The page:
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THE BIRMINGHAM AGE-HERALD.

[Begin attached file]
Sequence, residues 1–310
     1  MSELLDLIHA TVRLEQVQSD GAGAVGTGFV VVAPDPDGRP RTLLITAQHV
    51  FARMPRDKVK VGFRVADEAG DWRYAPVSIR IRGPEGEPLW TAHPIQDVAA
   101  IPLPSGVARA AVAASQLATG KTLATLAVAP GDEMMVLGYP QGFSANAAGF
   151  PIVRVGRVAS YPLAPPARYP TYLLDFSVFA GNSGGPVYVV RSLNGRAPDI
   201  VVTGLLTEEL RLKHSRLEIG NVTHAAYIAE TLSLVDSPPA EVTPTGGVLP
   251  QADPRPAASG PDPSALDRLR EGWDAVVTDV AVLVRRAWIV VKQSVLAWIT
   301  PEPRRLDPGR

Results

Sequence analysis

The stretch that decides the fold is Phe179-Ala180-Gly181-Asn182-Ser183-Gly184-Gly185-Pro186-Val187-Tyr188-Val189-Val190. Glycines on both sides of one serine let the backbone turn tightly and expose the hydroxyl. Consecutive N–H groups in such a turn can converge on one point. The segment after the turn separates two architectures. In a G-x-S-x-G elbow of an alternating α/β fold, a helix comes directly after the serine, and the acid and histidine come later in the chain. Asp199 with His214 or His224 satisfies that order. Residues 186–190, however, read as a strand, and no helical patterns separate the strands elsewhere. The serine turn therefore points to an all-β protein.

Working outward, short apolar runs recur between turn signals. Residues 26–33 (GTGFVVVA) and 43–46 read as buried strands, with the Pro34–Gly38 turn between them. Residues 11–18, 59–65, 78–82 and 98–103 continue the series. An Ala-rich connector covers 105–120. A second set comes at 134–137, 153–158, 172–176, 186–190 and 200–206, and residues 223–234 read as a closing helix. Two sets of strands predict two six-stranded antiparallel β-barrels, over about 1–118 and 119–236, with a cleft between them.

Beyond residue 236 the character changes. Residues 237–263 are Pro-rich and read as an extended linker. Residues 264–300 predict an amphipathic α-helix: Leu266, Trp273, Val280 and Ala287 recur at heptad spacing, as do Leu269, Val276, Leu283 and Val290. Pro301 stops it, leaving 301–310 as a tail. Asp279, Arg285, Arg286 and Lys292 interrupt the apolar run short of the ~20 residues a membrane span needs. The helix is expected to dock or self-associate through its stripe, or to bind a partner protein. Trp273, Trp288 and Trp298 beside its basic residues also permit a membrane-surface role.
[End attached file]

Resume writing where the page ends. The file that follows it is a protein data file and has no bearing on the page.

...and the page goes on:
VOL 36 BIRMINGHAM, ALABAMA. MONDAY, AUGUST 20, 1906. NO. 110 STRICKEN CITY ___ Valparaiso Had a Population of 150,000 and Was Crow ing Very Rapidly LOSSES BY EARTHQUAKES HAVE BEEN HEAVY IN PAST Traveler* Describes the City as Re sembling Venice—Harbor is One of the Most Dangerous In the World. Washington, August 19.—(Special.)—'Val paraiso—whose name, strangely enough when today’s terrible news of earthquake and Are is considered, means Vale of Par- ; adise—has passed through many vicissi tudes. Yet in spite of them all It is the mistress of the southern Pacific, and the largest city along the coast from arctic to eubantarctic zone, with tne single excep- ; tlon of San Francisco. It Is, indeed, the San Francis o of the I southern cross, a city or cosmopolitan life, of picturesque beauty, of romantic traditions, and of vast commerce. The coincidence of fate wthich has doomed these two queen ports of the Pacific to destruction in the same mysterious man ner within four months is indeed remark able. Does it indicate some titanic change In the earth’s crust below the waters to the westward, s< >e agony of a world in travail under t' acean bed? The scien tists and seismologists must answer, or at least attempt an explanation. City Founded In 1530, Valparaiso Is one of the oldest cities In the new world, having been founded In 1536 by Juan de Saavedra, a Spanish sol dier of fortune, who named It after his birthplace In Castile. Its ihlstory is Inti mately Interwoven with the hazardous achievements of the Conqulstadores, and the mad quest for the gold of the Incas, which make many of the most Interesting pages in American annals. The galleons from Peru, homeward bound with cargoes ! of gold and silver ingots, found it a wel come stopping place on the southward voyage to the cape, and under the rule of the Spanish colonists It prospered rap idly. Ill fortune first entered the "Vale of Paradise” when Francis Drake, the fam ous English sea dog, began to worry the Spanish lion In Its new empire. Upon ] December 6, 1578, Drake entered the har- j bor with his little fleet and looted the ! town. John Hawkins, that other cele- j brated English filibuster In the days of "westward-ho," visited the city In 1596, pillaging It even more successfully than tils forerunner, and carrying away tons of plunder, after ravaging the port with fire and sword. Four years later the Dutch pirate, Van Noort. sacked the place, In reprisal for the depredations committed by Spanish troops In The Netherlands. Earlier Quake Losses. After these visitations of war came a series of natural disasters. In 1730 and 1822 the city suffered severely from the earthquakes which from time to time rack the Andean district. Shocks which par tially destroyed it. causing untold dam age to life and property, occurred In 1839 and 1873. In 1858 almost every one of its principal buildings was swept away by fire, and in 1866, during t'he war of Inde pendence, a Spanish fleet commanded by Admiral Nunez bombarded It with disas trous effect. The latest disaster was on June 30, 1899, when a tidal wave did great damage to the city and wrecked the rail road. "The Naples of South America,” Is a title which Is often applied to Valparaiso. It Is the largest and most Important city to the republic of Chile, being the port to the capital, Santiago, whlirh lies about seventy-five miles to the northwest, and with which It Is connected by railroad. It has a population of about 150,000, and is growing rapidly, although for many years It was in a stagnant condition. In 1875 the population was 97,737, and In 1885 only 95,000. The recent Investments of American and European capital In Chil ean enterprises and mines have, however, injected new life into the city. Seen By a Traveler. An interesting description of the city as it was a few months before the disaster is given by Charles M. Pepper in a recently published volume of travels entitled "Pan ama to Patagonia.” He says! "The city has many fine business blocks of modern construction, and the govern ment buildings are unusually tasteful and harmonious. All bear the impress of Ital ian architecture. The commemorative spirit finds expression in a group celebrat ing the heroism of Arturo Pratt, the young naval commander who gained un fading laurels in the war with Peru. On the Avenue Brazil is a bust of William Wheelwright, the son of Massachusetts, who provided steam navigation as well as built railways for Chill. There Is also a statue of Lord Cochrane, the Scotch man, who took command of the Chilean fleet In the contest for freedom from Spain and helped to bring victory. "The port, as is natural. Is cosmopoli tan. The German colony Is the largest, and after that come the Italians, though in Influence they are hardly so strong as either the English or the French. The French community Is self-contained and Is an important factor in commerce. The Britishers, chiefly from Scotland, are in everything except retail trade. Though the English language Is common, Valparaiso is the only city in South America in whic.t I have heard German spoken oftener. Vast Shipping Interests. “The Shipping of Valparaiso is vast and varied, a floating panorama of many na tions, like a miniature Hamburg. The English lines maintain a regular service of cargo and passenger vessels, and also a special service of cargo vessels to Liver pool. The steamers are of 5000 tons and upwards. The distance t(J Liverpool by way of the straits is 9500 to 19800 miles, and the sailing schedule is thirty-five days. Th* vessels touch alternately at the Falk JEROME WILLING TO TAKE PLACE ON HIS OWN TERMS New York, August 19.—District Attorney William Travis Jerome today Issued the following statement: "In the present shameful condition of our political life In this state, I am willing to run for the office of governor of the state If the democratic convention shall nominate me without any understanding, expressed or implied, other than that, if elected, I shall obey my oath of office as I understand It, In letter and spirit. “WlLtLIAM TRAVERS JEROME.” CRASHES INTO WORK TRAIN IN BLINDING RAIN STORM Johnstown, Pa., August 19.—Plunging through a blinding rain storm at the rate of forty-five miles an hour early today, a fast freight train on the Pennsylvania railroad crashed into a slowly moving work train at Sand Hollow, killing five and seriously injuring seven others of the work train crew. Three of the latter will probably die. Engineer Wood was the only member of the freight crew injured. The freight train had stopped at a wa ter plug near Sand Hollow to take water. A Fort Wayne freight was following and because of the driving rain the engineer was unable to see the work train until just before the crash. The engineer of the freight Jumped and received injuries from which he will *die. The firman re malned on the engine and was uninjured When the freight engine crashed into the work train It plowed Its way through the cars. All of the laborers and others of the work crew were asleep and those that were killed probably never awoke. According to reports Engineer S. N. Woods of the freight train had Increased the speed of his train Just before the crash, that he might take water In the water pans along the track and In so doing. Is said to have exceeded his or ders. When news of the wreck reached this city two wrecking crews were sent out. The conditions as described by mem bers of these crews upon their arrival were appalling. Dead and dying were lying on the tracks while some of the In jured were hanging out of the windows of the cabin car crying for help and beg ging to be saved from the Are that had started In the wreck. LEWIS MORRISON OF FAOST FAME DEAD BEGAN HIS THEATRICAL CAREER IN NEW ORLEANS—SERVED IN UNION ARMY DURING THE CIVIL WAR. New York, August 19.—Lewis Morrison, an actor, whose work as Mephisto in “Faust" gained him fame, died suddenly of shock on Saturday afternoon, In St. John’s hospital, Yonkers, after undergo ing an operation for a disease of the stomach. He was 61 years old. Lewis Morrison was born of an English parentage in Kingston, Jamaica, in 1845. He came to this country at an early age and enlisted on the Union side in the civil war. He entered the theatrical profession as an actor in the old varieties theatre New Orleans, making his first apperaance with Lawrence Barrett in 1865. He was after ward associated with Edwin Booth, Ed win Forrest, Tomaso Salvlnl, Adelaide Neilson, Charlotte Cushman, Janauschek, Rose Coghian and Agnes Booth. land Islands, both for mail and for the cargo of wool. They coal at Montevideo, Rio Janeiro and In the Madelras. “The Bay of Valparaiso Is a discourag ing one. It Is surprising that such an extensive commerce can be handled with such poor facilities. The shipping approx imates 1,000,000 tons yearly. The engineer ing difficulties In the way of creating a real harbor are well understood, though not easily overcome. The rains wash the hills down into the sea, but the detritus or silt does not fill In what seems to be the bottomless bed of the ocean, so pro found Is It. There Is no breakwater. Has a Dangerous Bay. "At the beginning of every winter sea son the question Is raised—what will be the harvest of disaster? It seems incredi ble that vessels of 3000 tons could be lost In this bay, but that Is what has hap pened. In May, 1903. when voyaging down the coast In the Tueapel, we were told that the Arequlpa of 3000 tons burden was the next ship following us. She arrived two or three days later, and took on car go and passengers for the return trip. One night a savage tempest arose, many of the smaller vessels were wrecked, and the Arequlpa foundered and went down with the loss of 100 lives. Two weeks later from my hotel window I watched the wild bay and waited three days for a chance to get off on the Oropesa, one of the big ships that run between Oalparaiso and Liverpool. The immense floating docks tossed about as If thev were eggshells; the buoys bobhed like dancing waterspir Its; the shooners plunged their noses Into the angry breakers until the mastheads dipped. In the period from 1823 to 1R93 the shipping satlstlcs show a loss of 373 wa ter craft In the Bay of Valparaiso, of which 100 ware rowing and sailing vessels. The money loss was Incalculable. Huge Harbor Works. ■The Chilean government, after many discouragements, accented the plans of Jacob Kraus, the Holland engineer, for conquering the difficulties which nature bad placed In the way of making Val paraiso hospitable Instead of hostile to the ships that bear the commerce of many seas. The estimated cost of the harbor Improvement Is *15.000.000 gold, although the-Initial provision was for *11. ono.ono. The scheme contemplates the con struction of a series of sea walls In the bay. The water Is so deep that It Is considered Impracticable to build a sin gle breakwater across the mouth of the harbor. It Is believed that the several sea walls constructed In the manner pro posed will protect the vessels and the merchandise from the terrific seas which drive In during the storms of the winter months. A dry dock Is Included In the proposition.” Port Well Fortified. The port is well fortified with heavy land batteries, and the bay is sheltered on three sides by ranges of hills rising from 1600 to 1700 feet in height On their slopes a considerable portion of the city itself. Ineluding the residence section, i? built. On the south side of the bay are the spacious suburbs of Nuevo I>a Male con. and Gran Avenida, out of which leads the finest thoroughfare of Val paraiso—the Avenida de las Dellcias. The lower central section of the city is called the Almendral. It has regular and at tractive streets, and contains the prin cipal business houses, the park, the Plaza Victoria and the national theatre. To the northwest of this section is that quarter known as the puerto, or port, in which are situated^ most of the public buildings and cna warehouses which l;ne the docks and quay3. Mmy of the st-ee.s | in this part are narrow and crook -3, but the newer se: ions li'e An. attrac tive, modern •npcar the business blocks being massively built. The city has various academic and col legiate institutions, a naval school, a school for marines, a museum of natural history, a hydrographic bureau, etc. Its Industrial establishments include foun dries railroad and machine shop3, sugar refineries, breweries, distilleries. boVling works and factories of all kinds. The lower part of the city is connected with PLANNING ANOTHER WAR ON CABRERA REVOLUTIONISTS EXPECT TO BE IN MUCH STRONGER POSITION NEXT YEAR WHEN THEY WILL HAVE MORE ARMS. Mexico City, August 19.—Leaders of the late revolution In Guatamala will meet in New York some time next month, where it Is said they will disclose their plans for a new uprising which is expected to occur within a year. General ‘Barillus Is now In San Francisco, General Castillo Is in Honduras, General Toledo is in Nica ragua and Colonel Plnedo is in New Or leans. Well informed people In Central Ameri ca predict that another and much better prepared revolution, with the object of overthrowing Cabrera’s administration in Guatemala, is certain to be attempted. They deny that there is any real satisfac tion In Guatemala among the people be cause of the restoration of peace, and assert that Cabrera was only saved by the intervention Of the United States and Mex ico, which intervention was largely due to a wish to prevent war between Salva dor and Guatemala, while the Pan Ameri can congress was in session at Rio de Jaelro. The revolutionists believe their chances will be better on the second at tempt and that they will have plenty of Are arms and ammunition. PADUCAH PAYING TELLER IS GONE RESERVE FUND IN AMERICAN GERMAN BANK IS FOUND $7300 SHORT—OFFICIAL LEFT CITY TWO WEEKS AGO. Paducah, Ky., August 19.—Rumor of Ir regularities coupled with the unaccount able absence of Phil J. Abbott, teller of the American-Germaji bank of this city caused an Investigation of the bank’s affairs by the officials with the result that a shortage of $7300 in the reserve was found. The Fidelity Deposit company of Baltimore, which was on the bond of Abbott paid the shortage and an agent of the company is searching for the teller. Abbott has been absent since August 1 and his wife says she does not know where he is. Two weeks ago he secured a leave of absence for three days to visit his brother at Robinson, 111., on a mat ter of business. Negro Saved From Mob. Augusta, August 19.—A Chronicle special from McCormick, Ga., says the negro population became so wrought up last night that white citizens to prevent lynch ing had to take Jack Samuels, a negro who had assaulted a negro girl to Green wood, where he was met by the sheriff of Abbeville county and jailed at the latter place for safe keeping. Girl Drowns in Pascagoula. Biloxi, Miss., August 19.—Elsie Creel, aged 14 years, daughter of John Creel of Biloxi, was accidently drowned last night in the Pascagoula river. At the time of the accident Mr. Creel and his family were on board his schooner, the Katy R., on a pleasure trip to Dauphin Island. the suburbs and villas on the heights with elevators or ascensors. Shocks are Frequent. It is a common belief in Chile that when shocks are frequent there is little danger of a damaging earthquake, and past experience has shown this belief to be well founded. It Is calculated that a bad earthquake is due to visit some part of Chile once in ten years. Chilean earthquakes manifest them selves by a quick horizontal and some times rotary vibration, and when the focus is near the sea the water also is agitated. The ground undulates, but very rarely bursts open, and even the most i violent shocks are over in a few seconds. For some time afterward, however, at gradually lengthening Intervals for twelve hours, theresi a succession of grandually I lessening shocks. Some remarkable manifestations have taken place during Chilean earthquakes. | By the quake of February. 1835, the Isle ! of Stanta Maria was uplifted an average j of nine feet, but It subsided a few weeks afterward and even lost a part of its I previous elevation. During this earth j quake two great waves rolled over the | town of Talcahuano; the deep sea, close | In shore, was dry for a few moments and : smoke burst from the surface of the i water During a very smart earthquake at Co qulmbo, in November. 1849, the sea re tired about 150 yards and then rolled back I about twelve feet high. An English ship ! anchored in seven fathoms of water in j the neighboring bay of Herradura, nearly touched the bottom from the receding of the sea, the water continuing to ebb and flow for ninety minute* after the shock. DISTURB CHILE 100,000 People Are Homels.s and Destitute, and Many Camp In the Hills TREMORS CONTINUE AND EVERYONE WANTS TO LEAVE Railroads Are Destroyed and There [s No Way to Leave Stricken City Except to Go Across Moun tains On Foot. London, August 19.—In a dispatch from Valparaiso without date a correspondent of the Daily Mall says: “Sixty per cent of this city has been completely destroyed. The death roll is very heavy. There were eighty-two shocks during Thursday night and there have been 300 more since then. The tremors still continue. One hundred thousand people are homeless and desti tute. Water is giving out. Surrounding towns have been destroyed and the rail road has been cut.” 80 SHOCKS FOLLOW MAIN EARTHQUAKE Most of the Damage Was Due to Fire, Which Started Immediately After Shock. Valparaiso, August 19.—At 7:15 o'clock last evening an earthquake of great se verity was felt and during that pight eighthy shocks were felt. Most of the buildings of the city either were ruined or damaged. fMb- loss will bo enormous, probably r$250, QQ,*' 000. Two thousand persons killed is con sidered to be a fair estimate of the cas ualties. Viena Dia Mar, having a population of over 10,000; Quiri'hue, 225 miles to the southward, with a population of 2500; Sal to Urn ache, fifteen miles to the north west, with a population of 6500; Quillota, twenty-five miles to the northwest, with a population of 10,000, and villages all around, were destroyed. Most of the damage was due to fire, which started immediately after the shock. The whole population is sleeping in the hills, in t'he parks or on the streets. Food Is very scarce. Milk costs two Chilean dollars a liter, and it Is almost impossible to obtain meat even at high prices. The railroads are all destroyed. Rain, which began to fall immediately after the first shock, stopped an hour afterwards. The nights are very cold and windy and the people sleeping in the open are suffering greatly. The captain of a steamship whiefh has arrived from San Francisco says that the situation here is worse than that following the disaster at San Francisco. 500 DEAD IS REPORT HAD AT WASHINGTON Official Advices From Valparaiso Say That Many Towns Have Been Wiped Out. Washington, August 19.—Official ad vices reached the state department today regarding the Valparaiso disaster. A cablegram from Santiago states that 500 deaths occurred In Valparaiso, and that many towns have been wiped out. It stated also that there Is universal mourn ing. It Is reported that at Santiago that there were thirty deaths and much de struction of property. The state depart ment also announced that Minister Hicks at Santiago, “under date of the 18th re ports that on the 18th, there was a fright ful earthquake with loss of life; many buildings being destroyed and that shocks continued until the date of his telegram, that the legation was safe, that the houses In the towns were deserted and thousands of people had slept two nights In the plazas and parks." A dispatch to the state department from the American consul general at Iqulque, Chile, reports that Valparaiso Is In ruins from an earthquake and Is on fire. He stated that at the time of the filing of his dispatches there was no communication with Santiago and no fur ther details were obtainable. The date of his dispatch Is In doubt. Mr. Buchanan, the head of the Amer ican delegation to the Pan-American con gress at Rio Janeiro, cabled the state department today stating that no Inform ation had been received at Rio Janeiro concerning the earthquake and asked the department for news. Acting Secretary Adee cabled the Information contained In the dispatches from Minister Hicks at Santiago. Cable advices were received at the Chilean legation today dated at Santiago. Chile. August 18 stating that the earth quake In that city was very severe but that there were few casualties. IS PROPORTIONATELY GREATER THAN FRISCO Thousands of Tons of Wheat and Flour In Storage Will Keep Peo ple From Famine. Valparaiso, August 19, via Galveston, Texas.—Proportionately the catastrophe here is considered greater than that which befell San Francisco. Valparaiso and negihborlng towns are wrecked and partially burned and In all the towns of the Aconclagua valley conditions are sim ilar. In the southern portion of Chile severe shock were felt at Conception, Talca and Zoos but there the disaster PROPERTY LOSS PROBABLY WILStfEACH $250,000,000 CONFUSION oe> HILEAN CITIES IS SO GRE/^^HAT IT IS ALMOST IMPOSS rg TO GET AUTHEN TIC A' NTS. There continues to be confusion of state ment as to the magnitude of the disaster to Valparasto caused by the earthquake shocks which began on Thursday, August 16. and continued at frequent Intervals throughout that and the next two days. Dispatches from Valparaiso to the Asso ciated Press received last evening state that a moderate estimate of the fatalities Is 2000 and that the property loss may be as high as J2B0,OOO,OOO, which latter is as great as the loss sustained by San Fran cisco In consequence of the earthquake and fire which devastated that city last April. A refugee who has arrived at Santiago places the known dead at 100 and other messages indicate that the first reports of damage and casualties were greatly exaggerated. Dispatches to the state de partment at Washington place the fatall I ties at about five hundred. These con ; dieting statements cannot at this time b9 adjusted. It is evident that even yet confusion and panic prevail at Valparaiso and until order is restored it will be im possible to ascertain with accuracy the loss to life and property. The dwellings in the city have practically been aban doned and the people are existing as best they can In the plazas and streets of the city and in the hills adjacent to it, with out shelter from storm or sun and with famine confronting them. Food is al ready scarce and high, water for drinking purposes is lacking and disease is feared. The government is doing all it can to bring relief. The crippling of railroads leading into Valparaiso constitutes a seri ous factor in the situation as for an in definite period relief supplies can only be obtained through other means of trans portation, the seaboard affording the best of these. i At Santiago many of the best public I and private buildings were wrecked. The ; loss of life there was augmented by the panic which seized the people, many of whom threw themselves from the bal conies of their homes. The destructive i force of the earthquake was experienced over a large extent of country, many towns sustaining serious damage. NEW IBERIA HAS ONE FEVER CASE DR. IRION HAS GONE TO THE TOWN TO TAKE PERSONAL CHARGE—CASE HAS BEEN ISO LATED. New Orleans, August 19.—The following notice was sent out by President C. H. Irion of the state board of health, this afternoon: "One case of yellow fever at New Iberia, 125 miles from New Orleans. Am leaving tonight to take personal charge." Dr. Irion left tonight accompanied by Medical Inspectors Brady and Mayer and Chief Fumlgator Destrampes. The patient is a mulatto boy, 12 years old, living in an Isolated part of the town. The case was reported as suspicious late Friday night and Saturday morning Drs. diaries Chassaignac and P. E. Archlnard went to New Iberia. They finally agreed this morning that It was a positive case. There is so far nothing to show how the infection originated. Dr. whi ne detailed to trace the infection, iwJd no, Efforts will be spared to stamp it out. / While no quarantine has been declared by Dr. Irion against New Iberia, he has instructed t'he Southern Pacific railroad not to sell any tickets out of the town, so that trains simply stop there for water. If after investigating the situation ho finds that there is no infection in the town this restriction will be removed. was not appalling. As yet no authentic news has been received from Santiago, although a courier Is shortly expected. Quakes recur from time to time, but are steadily diminishing In force. As to the dead and wounded an accurate esti mate is as yet Impossible but it is be lieved that the former will exceed 1000 in this and surrounding towns. The authori ties here have the situation well In hand and have assumed control of the distri bution of food. Troops and provisions have been sent for and with thousands of tons of wheat flour in stores here and afloat, it is not believed that a food famine will occur. Martial law has pre vailed In Valparaiso since the first day of the shocks and the entire population is camping In the open. Sea cables of Cen tral and South American companies mar velously escaped unhurt. PANICKY FEELING IS AMELIORATED Funds Collected at Recent Inaugura tion Festivities Will Be Turned Over to Sufferers. Lima, Peru, August 19.—The latest ad vices received here from Valparaiso says that the panicky condition of the people Is amelirating. Great damage was done In the Almendral quarter, the principal business section of the city and In Vic toria street few buildings except the man sion are standing. Advices from Santiago say there was a tremendous earthquake there which did considerable damage. The fires followed the shocks. There were few victims. The funds collected In Chill at festivi ties In connection with the inauguration of President-elect Montt will be distrib uted among the sufferers from the earth quake. SAYS FIRST REPORTS WERE EXAGGERATED City’s Water Pipes Were Broken and Streets Were Flooded Soon After Catastrophe. Santiago, Chill, August 19.-The latest news brought In here by refugees from ] Valparaiso contradict some of the first statements from there but shows, how ever. that the catastrophe was extremely severe. Senor Groz, one of the refugees, relates that the first shock In Valparaiso was prolonged and threw the entire city Into Indescribable panic. People crowded the streets and squares crying and lamenting. The first shock also threw down a num ber of buildings. The second shock was more severe and resulted in the crumbling of most of the buildings In the Almendral quarter. Plunged Into Darkness. Immediately after the second shock the entire city was plunged Into terrifying darkness. This, however, did not last long for the scene of destruction was soon lit up by the fires which broke out In this quarter. The light from the flames Senor Groz continues, was a relief to the darkness. The people were in an extreme state of terror many believing that the end of the world had come. Among the buildings destroyed were the Victoria theatre, the Bella Vista railroad station and the Club De Setrembro. Most of the severe damage was done on the low ground near the sea. A large part of the CULBERSON AGAIN ASKS FOR RELIEF THINKS WASHINGTON AUTHORI TIES DO NOT APPRECIATE SERI OUSNESS OF THE SITUATION AT BROWNSVILLE. Dallas. Tex., August 19.—Following a further appeal from the officials and citi zens of Brownsville, United States Senator Charles-A. Culberson has again appealed to the war department for prompt Investi gation and Immediate action In the situa tion In the Southwestern' ‘exas city. He sent a telegram today ( Jeneral Alns W'orth of the war department urging tele graphic communication with the com manding officers at the post and a re moval of the troops from Fort Brown, deeming this the only means of bringing peace. His telegram to the war depart ment follows: "Dallas, Tex., August 19, 1906. "Gen. F. C. Ainsworth, War Department, Washington. "Since the receipt of your telegram of yesterday officials and citizens of Browns ville have wired me again to the effect that there Is danger of further riot ami bloodshed at Brownsville unless the negro troops aro immediately removed. I re 1 spectfully suggest that the department could within a day get a telegraphic re port from the commanding officer at Fort Brown as to conditions there, upon which action could be based. Please wire me what the people there may expect. “C. A. CULBERSON.” The senator entertains the fear that the department and the President do not fully appreciate the gravity of the situation. He hopes to have advices Indicting that the department will relieve the situation without delay. St. Louis, Mo., August 19.—A special to the Republic from Brownsville, Tex., says: Major. A. P. Blockson, U. S. A., Inspec tor general of tho southwestern division, arrived here today to Investigate the re cent outrage committed by negro soldiers of the Twenty-fifth Infantry, stationed at Fort Brown. Typewritten copies of all the testimony taken by the citizens' committee last week were turned over to the Inspector general who will resume his Inquiries to morrow at the fort. St. Louis, August 19.—A special to tho Republic from San Antonio, Tex., says: Gen. W. E. McCaskey, commanding the department of Texas, has made a recom mendation to the war department at Washington that the negro troops at Brownsville, Tex,, and elsewhere along the Rio Grande In Texas be Immediately with drawn. The recommendation further suggests that the forts now garrisoned with negro troops of the Twenty-fifth Infantry be left without garrisoning In the Interim before their relief can be sent. buildings on Victoria street were de stroyed. Masses of debris block the streets. The known number of dead does not ex ceed 100, according to the best estimates. Among the dead Is the wife of Admiral Montt. Take Refuge in Hills. The hills surrounding Valparaiso suffer ed but slightly. More than 60,000 persons have taken refuge there. That portion of the city where are the customs house and the city hall, was not seriously damaged. A large majority of the houses are not fit for habitation. The store houses of the custom house are al most totally destroyed. The water pipes of the city were broken and the water poured through the streets. There is even lack of water for drinking purposes. Provisions are lacking and hunger is belnlng to make Itself felt. The government has ordered its war ships stationed at Talcahuano to bring at once to Valparaiso the most needed neces sities of life. The people of Valparaiso are utterely exhausted. They are awaiting the re establishment of the railway service to leave the city. Mexico Feels Sympathy. Mexico City, August 19.—Great sympa thy is felt here for the people of the Chil eans, and a national contribution has been sent the stricken people. France Express Sympathy. Paris, August 19.—The French govern ment has expressed Its sympathy to the Chilean government because of the earth quake disaster. Roman Consular Offices Razed. Rome, August 19 —The foreign office Is In receipt of a dispatch from the consu late at Valparaiso saying that the destruc tion of property there was considerable nnd that the consular offices were razed. Vanderbilt's Malntenon Wins. Deauville. France, August 19.—William K. Vanderbilt’s race horse, Malntenon, won the Grans Prlx de Deauville today* HEAVY SUFFERER 81 EARTHQUAKE Man| Are Beieied to Have Been Killed By the Fall ing Buildings PUBLIC STRUCTURES ABE ALL MASSES OF RUINS Railroad Train Near Leg Vegas is 8ft Violently Shaken While Running That Engine is Almost Thrown From Track. Santiago do Chile. August 19.—It is known that at least eight lives were lost in this city by the earthquake, but it is believed that many persons were killed by the falling buildings and that their bodies will be discovered later. Several persons became so panic-stricken during the tremblings of the earth that they threw themselves from the balconies of their homes and were killed. The fires which followed the earthquake in this city were promptly extinguished, but while they lasted they added greatly to the terror of the people. Lines Are Prostrated. As all telegraph and telephone lines were more or less damaged the exact sit uation throughout tho country Is not yet known, but advices have been received to the effect that the towns of Viralgo and Casablanca were destroyed and that San Felipe, Rancagua, Melipllla and Ijlalllai were severely damnged. At Con cepcion the shock was severe and a number of persons were killed or in jured. The towns of Rengo, San Fernan do, Qullloita and San Antonio, and many villages are In ruins. All railway ser vice in the central zone is either inter rupted entirely or greatly dCayod and commerce .is pruotically 0t a standstill. Much Damage In Santiago. i In the city of Santiago much damage | was done. Many public buildings, partlou 1 larly churches, were much damaged. The | buildings of Congress, the municipal buildings, the Normal school, the courts, i the Peruvian legation, the residence of President Riesco,' the central market, the perfecture of police and the National tele graph office were seriously damaged. The lines of the electric tramway system and the electric light wires were short cir cuited, Interrupting street car travel and plunging the city Into darkness. There have been several shocks of minor Intensity which have added to the panic stricken fears of the populace. Last night many persons slept In the tramway cars, In carriages and In the open air in the public squares and streets. The govern ment has taken steps to restore order. An inspection of all houses left stand ing 'has been ordered and directions have been Issued for the distribution of relief supplies to those In need. A troop of cav alry has been sent to re-establish com munication with Valparaiso. Severe Fire In Valparaiso. The alarming news flrBt received by tha government from Valparaiso as to the sit uation in that city has not been confirmed but It Is known that numerous buildings In the vicinity of the port were destroyed | and that there has been severe fire In the Almendral quarter. The Mayor of Val ! paralao sent word that 'he did not know the number of killed or Injured, but be I lieved that they were numerous. Firemen I left Santiago yesterday for Valparaiso to aid In extinguishing the fires there. The ' customs house In Valparaiso is reported to be burning. Several travelers who have Just arrived here from Valparaiso say that reports of the situation in that city were exaggerated. An employe rff the tel egraph service sent word from Salto, near Valparaiso, confirming the news of the serious fires in t'he Almendral quarter. This employe also sent news that the Spanlsh-Itallan Hank buildings of Val paraiso was destroyed by the earthquake. Train Shaken Violently. A traveler who came here by expresa says that when that train was near Lag Vegas, about half way between Val paraiso and Santiago, the cars were shaken violently and the engine nearly left the track. A stop was made and the terrified passengers alighted. Later they proceeded to Llai Llal, which they found almost in total ruins. All lines of rail way to the north and the line to Talca are greatly damaged. In the city of Santiago a majority of the victims of the disaster were residents of the poorer section of the city, where nv»nv small houses were thrown to the uvl Several deaths from nervous ex •t and heart disease are reported# CRACK SHOTS SELECTED. Men From Camp Mabry Will Go to Seagirt. Austin. Tex., August 19.—The following crack shots have been selected out of the federal troops In camp at Camp Mab ry to attend the rifle shoot at Sea Girt. These men have been selected only after three competitions with some seventy-five of the best marksmen here. IJeut. Col. O. E. Guessas, Capt. J. T. Atkinson, Second Infantry; Sergt. B. Rid ings, First cavalry; Sergt. K. W. Reid, Fourth Infantry; Lieut. T. O. Post, Sec ond Infantry; Sergt. T. Dieckson, Second Infantry; Lieut. C. L. Polk, Second In fantry; Sergt. J. B. Williams, Third in fantry; Corp. T. O. Grimes. Second Infan try; Sergt. M. Newton. Second Infantry; Sergt J. T. Romen, Second Infantry; Private Claude Halton. Second Infantry. Private 8. M. Dixon, Second Infantry, and Hollonard of the Fourth infantry will be the alternates. Ocilla Lumber Plant Burns. Ocilla, Ga., August 19.—The Ocilla Lum ber company’s plant was totally destroyed by fire today; loss $50,00); Insurance small. The origin of the hre is unknown.